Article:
Bureaucracy, not billionaires, keeps our emergency rooms full

Bureaucracy, not billionaires, keeps our emergency rooms full

New York City emergency rooms are always swamped with patients, many of whom are lying on stretchers in the hallways. When a health care provider passes, some will raise their hands, wave, shout or try in any way they can get a doctor, nurse or physician’s assistant’s attention. All US ERs must take all comers, and there is no shut-off valve at the triage desk, so despite how clogged it is, still the patients come.

Ken Langone is not someone who seeks special attention for himself; in fact, he prides himself on his humble roots. He was evacuated down the stairs by stretcher during Superstorm Sandy back in 2012 during a hospitalization for pneumonia along with many others and was not given special treatment.

In fact, it was Langone, in one of his greatest philanthropic moves, who spearheaded the drive to raise the money to make NYU Grossman School of Medicine tuition-free. As part of this effort, he donated $100 billion himself in 2019. It was this trend-setting move that was soon copied by other medical schools and took the pressure off so many of our future doctors around the country, allowing them to altruistically choose primary care medical careers for lesser salaries than some specialists receive without the chokehold of millions of thousands of dollars in tuition loan repayments hanging over their head. Contrast this with the Biden plan to give $10,000 in tuition relief for everyone, currently blocked by the US Supreme Court as they deliberate on its future, another shortsighted government payout without an endgame or long-term strategy attached.

Speaking of shortsighted initiatives, health care policies enacted under President Obama and now extended under President Biden are at least partly responsible for the mess we are seeing in today’s hospitals. It is not being kind or even occasionally providing VIP care to charitable donors as recent reporting suggests is the real problem. It’s extending one-size-fits-all insurance coverage that pays a hospital and its doctors poorly while overwhelming them with massive amounts of bureaucratic paperwork which interferes with patient care.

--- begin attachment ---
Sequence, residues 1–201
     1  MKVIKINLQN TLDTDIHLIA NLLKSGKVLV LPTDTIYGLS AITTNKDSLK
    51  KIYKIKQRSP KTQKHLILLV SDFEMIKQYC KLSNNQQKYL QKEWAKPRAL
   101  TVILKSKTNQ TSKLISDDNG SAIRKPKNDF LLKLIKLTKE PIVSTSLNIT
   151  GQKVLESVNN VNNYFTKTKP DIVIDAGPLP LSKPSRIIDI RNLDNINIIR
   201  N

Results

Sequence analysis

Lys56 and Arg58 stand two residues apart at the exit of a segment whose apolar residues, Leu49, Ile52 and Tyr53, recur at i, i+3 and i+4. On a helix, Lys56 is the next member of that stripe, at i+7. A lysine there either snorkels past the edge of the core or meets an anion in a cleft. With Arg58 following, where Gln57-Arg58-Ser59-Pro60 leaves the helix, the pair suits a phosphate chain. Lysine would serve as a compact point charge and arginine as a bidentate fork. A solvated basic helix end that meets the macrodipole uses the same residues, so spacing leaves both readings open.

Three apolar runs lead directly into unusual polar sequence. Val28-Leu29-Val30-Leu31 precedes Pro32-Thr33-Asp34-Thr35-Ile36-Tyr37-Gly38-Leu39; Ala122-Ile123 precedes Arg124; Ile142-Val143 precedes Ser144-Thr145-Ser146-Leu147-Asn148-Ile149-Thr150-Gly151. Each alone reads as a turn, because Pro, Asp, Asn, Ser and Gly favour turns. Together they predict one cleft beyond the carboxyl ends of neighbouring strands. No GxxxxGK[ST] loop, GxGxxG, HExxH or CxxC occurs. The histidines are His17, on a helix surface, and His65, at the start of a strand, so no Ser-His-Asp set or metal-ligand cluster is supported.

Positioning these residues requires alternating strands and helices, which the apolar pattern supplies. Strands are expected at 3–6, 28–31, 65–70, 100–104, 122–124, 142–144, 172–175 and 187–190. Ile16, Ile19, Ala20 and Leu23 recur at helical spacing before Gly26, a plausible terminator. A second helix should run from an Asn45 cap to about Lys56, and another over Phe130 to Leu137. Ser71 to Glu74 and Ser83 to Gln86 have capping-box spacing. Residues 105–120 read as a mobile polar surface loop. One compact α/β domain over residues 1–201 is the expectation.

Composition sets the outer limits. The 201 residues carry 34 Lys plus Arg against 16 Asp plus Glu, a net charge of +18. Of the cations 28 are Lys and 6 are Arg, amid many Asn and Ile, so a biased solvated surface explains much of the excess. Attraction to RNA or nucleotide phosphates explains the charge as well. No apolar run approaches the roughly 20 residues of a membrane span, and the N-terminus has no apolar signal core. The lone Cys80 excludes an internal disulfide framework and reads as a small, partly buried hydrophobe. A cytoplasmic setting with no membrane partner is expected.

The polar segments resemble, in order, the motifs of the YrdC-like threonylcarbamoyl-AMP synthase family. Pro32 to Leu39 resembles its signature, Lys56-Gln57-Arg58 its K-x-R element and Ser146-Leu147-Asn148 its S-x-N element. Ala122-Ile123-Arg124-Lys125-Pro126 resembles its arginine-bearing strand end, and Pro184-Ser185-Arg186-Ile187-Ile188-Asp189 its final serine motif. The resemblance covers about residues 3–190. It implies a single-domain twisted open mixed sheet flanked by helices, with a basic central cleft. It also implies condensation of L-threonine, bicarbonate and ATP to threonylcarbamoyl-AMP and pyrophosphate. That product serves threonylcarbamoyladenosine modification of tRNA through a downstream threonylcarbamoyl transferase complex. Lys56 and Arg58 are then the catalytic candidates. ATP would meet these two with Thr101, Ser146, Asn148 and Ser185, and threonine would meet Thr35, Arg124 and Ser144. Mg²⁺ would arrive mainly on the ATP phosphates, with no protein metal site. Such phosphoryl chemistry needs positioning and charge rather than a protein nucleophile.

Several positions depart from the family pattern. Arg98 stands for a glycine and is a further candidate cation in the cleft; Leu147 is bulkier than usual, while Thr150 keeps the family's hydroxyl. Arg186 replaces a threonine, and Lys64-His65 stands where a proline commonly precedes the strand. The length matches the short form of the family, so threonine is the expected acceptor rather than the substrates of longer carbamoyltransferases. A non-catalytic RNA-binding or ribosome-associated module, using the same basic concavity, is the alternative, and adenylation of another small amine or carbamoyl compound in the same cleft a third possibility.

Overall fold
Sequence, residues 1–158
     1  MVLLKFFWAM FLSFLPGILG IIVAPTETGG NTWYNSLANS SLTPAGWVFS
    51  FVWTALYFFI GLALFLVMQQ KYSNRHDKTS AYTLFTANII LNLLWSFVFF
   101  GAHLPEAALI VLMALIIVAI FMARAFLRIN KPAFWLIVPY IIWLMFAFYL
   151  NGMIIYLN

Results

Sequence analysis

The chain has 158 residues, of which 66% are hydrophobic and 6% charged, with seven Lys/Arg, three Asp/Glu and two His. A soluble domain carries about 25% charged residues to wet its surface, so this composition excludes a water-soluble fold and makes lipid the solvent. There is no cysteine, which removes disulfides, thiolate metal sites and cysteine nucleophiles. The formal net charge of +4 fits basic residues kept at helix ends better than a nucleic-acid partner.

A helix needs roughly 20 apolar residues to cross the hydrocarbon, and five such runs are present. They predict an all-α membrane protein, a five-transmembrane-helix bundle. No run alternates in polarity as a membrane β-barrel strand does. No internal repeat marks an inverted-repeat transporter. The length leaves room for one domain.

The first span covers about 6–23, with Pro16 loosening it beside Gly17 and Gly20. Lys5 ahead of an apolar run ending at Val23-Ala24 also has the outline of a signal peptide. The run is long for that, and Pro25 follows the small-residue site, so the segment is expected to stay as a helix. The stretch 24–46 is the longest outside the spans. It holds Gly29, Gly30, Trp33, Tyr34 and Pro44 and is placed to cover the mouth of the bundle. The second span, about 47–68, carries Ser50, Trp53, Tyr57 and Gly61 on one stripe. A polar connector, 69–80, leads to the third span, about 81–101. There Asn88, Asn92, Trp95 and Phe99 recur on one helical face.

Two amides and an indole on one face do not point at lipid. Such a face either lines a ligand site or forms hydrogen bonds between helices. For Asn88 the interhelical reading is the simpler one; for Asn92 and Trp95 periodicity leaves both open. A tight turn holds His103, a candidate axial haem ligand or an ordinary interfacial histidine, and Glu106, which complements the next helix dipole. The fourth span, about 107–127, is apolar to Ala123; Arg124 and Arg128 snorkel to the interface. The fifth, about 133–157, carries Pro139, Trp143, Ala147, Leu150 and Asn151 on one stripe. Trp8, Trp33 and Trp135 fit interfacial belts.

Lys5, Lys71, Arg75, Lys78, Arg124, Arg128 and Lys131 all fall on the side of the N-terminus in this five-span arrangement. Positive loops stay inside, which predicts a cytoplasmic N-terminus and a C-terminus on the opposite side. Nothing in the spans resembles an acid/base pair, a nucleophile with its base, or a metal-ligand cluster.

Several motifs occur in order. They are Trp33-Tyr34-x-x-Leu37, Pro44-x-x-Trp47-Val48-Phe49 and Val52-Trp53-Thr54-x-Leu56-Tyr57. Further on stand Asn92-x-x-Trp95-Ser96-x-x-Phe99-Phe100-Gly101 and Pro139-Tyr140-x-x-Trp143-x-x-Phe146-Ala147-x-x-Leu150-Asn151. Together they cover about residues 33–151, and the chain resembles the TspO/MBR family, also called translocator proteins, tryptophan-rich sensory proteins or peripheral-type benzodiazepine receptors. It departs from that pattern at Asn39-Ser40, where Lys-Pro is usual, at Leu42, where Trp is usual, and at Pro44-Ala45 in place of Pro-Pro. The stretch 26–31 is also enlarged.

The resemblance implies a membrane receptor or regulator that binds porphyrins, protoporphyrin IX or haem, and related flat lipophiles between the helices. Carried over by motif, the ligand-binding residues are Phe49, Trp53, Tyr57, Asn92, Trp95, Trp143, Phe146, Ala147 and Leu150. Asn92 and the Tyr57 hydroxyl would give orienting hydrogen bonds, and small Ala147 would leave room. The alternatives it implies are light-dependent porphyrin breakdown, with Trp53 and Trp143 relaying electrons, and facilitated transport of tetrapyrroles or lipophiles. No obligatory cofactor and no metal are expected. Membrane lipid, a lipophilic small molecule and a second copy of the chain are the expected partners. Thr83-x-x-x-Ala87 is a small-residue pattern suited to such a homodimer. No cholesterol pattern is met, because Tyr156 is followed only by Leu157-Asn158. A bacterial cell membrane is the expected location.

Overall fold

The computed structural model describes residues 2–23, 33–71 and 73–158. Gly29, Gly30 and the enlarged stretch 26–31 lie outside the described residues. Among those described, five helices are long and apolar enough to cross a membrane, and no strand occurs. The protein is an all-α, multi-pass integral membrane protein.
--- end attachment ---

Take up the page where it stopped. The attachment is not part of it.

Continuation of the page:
Now President Biden is proposing to make it easier to buy the same faulty Obamacare plans that are clogging our ERs for those who lose Medicaid coverage (18 million) if the coronavirus public health emergency expires in April 2023. The problem with so many of these individual plans under the Affordable Care Act is that they rely on narrow networks of physicians and massive deductible roadblocks which give a suddenly ill patient nowhere else to go to seek care than the emergency room. This is one reason our ERs are so overcrowded.

The solution is more philanthropy like Langone’s not more foolish tax expenditures like Biden’s. The solution is not to mock a special room where a patient with a real emergency can be seen quickly or someone famous like a US senator can be treated privately while receiving needed care. Langone himself should be praised, not scolded. His name belongs on the buildings where he has done so much to support high-quality care and research. Those who work there are honored to be associated with his name.

Marc Siegel MD is a professor of medicine and medical director of Doctor Radio at NYU Langone Health. He is a Fox News medical correspondent and author of the new book, “COVID; the Politics of Fear and the Power of Science.”

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